Weight loss has been proven to be a key cause of obstructive sleep apnea (OSA). I have written previously on the research from Richard Schwab, MD at the University of Pennsylvania, showing that the connection appears to be related to fat storage (and likely muscle mass too) in the head and neck.
This work is fascinating but does not address the question that patients ask me all the time: “How much weight loss do I need to improve my sleep apnea?” The largest studies that attempted to provide an answer followed individuals over time, with sleep studies spaced out a few years apart. They took advantage of the fact that some people gained and some people lost weight naturally, allowing them to compare the results of the sleep studies before and after weight gain and weight loss. In general, a 10% gain in body weight was associated with a 40% worsening in OSA, whereas a 10% weight loss improved OSA severity by 25-30%.
Not so fast. The reality is that these studies mainly included individuals without OSA, for example, having someone with an apnea-hypopnea index go from 4.0 to 3.0 with a 10% weight loss. That is just not meaningful for anyone, let alone my patients.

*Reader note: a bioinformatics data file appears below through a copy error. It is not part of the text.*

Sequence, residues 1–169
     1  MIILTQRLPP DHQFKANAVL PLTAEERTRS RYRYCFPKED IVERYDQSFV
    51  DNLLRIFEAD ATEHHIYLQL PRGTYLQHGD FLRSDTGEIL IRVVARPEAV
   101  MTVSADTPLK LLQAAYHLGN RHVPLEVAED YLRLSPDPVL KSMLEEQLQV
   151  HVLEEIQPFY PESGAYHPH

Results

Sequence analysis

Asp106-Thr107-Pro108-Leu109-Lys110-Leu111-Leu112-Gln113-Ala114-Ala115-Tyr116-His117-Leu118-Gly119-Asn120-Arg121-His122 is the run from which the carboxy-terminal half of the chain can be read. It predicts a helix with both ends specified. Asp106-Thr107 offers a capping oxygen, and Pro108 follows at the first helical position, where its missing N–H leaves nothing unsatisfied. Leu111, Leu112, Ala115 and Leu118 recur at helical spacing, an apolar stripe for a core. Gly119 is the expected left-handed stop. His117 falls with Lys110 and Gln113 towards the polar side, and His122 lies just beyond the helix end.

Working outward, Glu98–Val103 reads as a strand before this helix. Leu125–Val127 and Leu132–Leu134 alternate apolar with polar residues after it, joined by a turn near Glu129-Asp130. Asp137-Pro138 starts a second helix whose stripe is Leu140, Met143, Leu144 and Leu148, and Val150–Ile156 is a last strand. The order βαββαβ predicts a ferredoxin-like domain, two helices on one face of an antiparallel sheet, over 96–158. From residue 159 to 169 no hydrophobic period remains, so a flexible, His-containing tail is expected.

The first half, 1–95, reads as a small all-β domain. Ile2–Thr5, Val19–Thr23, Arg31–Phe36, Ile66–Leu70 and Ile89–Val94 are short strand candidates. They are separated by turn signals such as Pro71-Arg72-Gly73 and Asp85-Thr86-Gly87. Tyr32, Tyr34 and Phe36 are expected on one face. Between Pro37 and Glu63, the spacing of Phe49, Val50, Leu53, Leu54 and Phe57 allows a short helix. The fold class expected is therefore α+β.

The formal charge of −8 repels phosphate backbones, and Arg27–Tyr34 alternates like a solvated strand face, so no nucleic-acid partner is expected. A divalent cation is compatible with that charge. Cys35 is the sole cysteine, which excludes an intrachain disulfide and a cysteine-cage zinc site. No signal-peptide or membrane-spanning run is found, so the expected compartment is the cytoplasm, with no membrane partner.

Many studies that have explored the connection between weight loss and changes in OSA with interventions to target weight loss like medications and surgery. However, this month in the Journal of Clinical Sleep Medicine, a Greek team analyzed data from the MIMOSA randomized trial of Mediterranean dietary/lifestyle changes for managing moderate to severe OSA in overweight or obese adults (body mass index greater than 25 kg/m2). They did not compare different interventions but focused on the association between weight loss (regardless of intervention group) and OSA improvement in the 127 study participants who did lose weight. The studies showed that:
- Weight loss of <5% was associated with an OSA improvement of 12%
- Weight loss of 5-10% was associated with an OSA improvement of 38%
- Weight loss of >10% was associated with an OSA improvement of 49%
These results are important and encouraging news for patients who are pursuing weight loss, as they suggest greater improvements in OSA than seen in most previous studies. Of course, this study is relatively small, but it did include those patients who are exactly like those whom I see all the time in my practice.
Weight loss is an important OSA treatment itself, but it can also improve OSA and enhance the results of other treatments like surgery or oral appliances. We do need to keep in mind that weight loss can be extremely difficult for those with OSA, for multiple reasons including the fact that these patients are often tired or fatigued (limiting their ability to exercise) and may have some changes in appetite and metabolism. Nevertheless, this study highlights its importance and value as part of a holistic approach to managing OSA.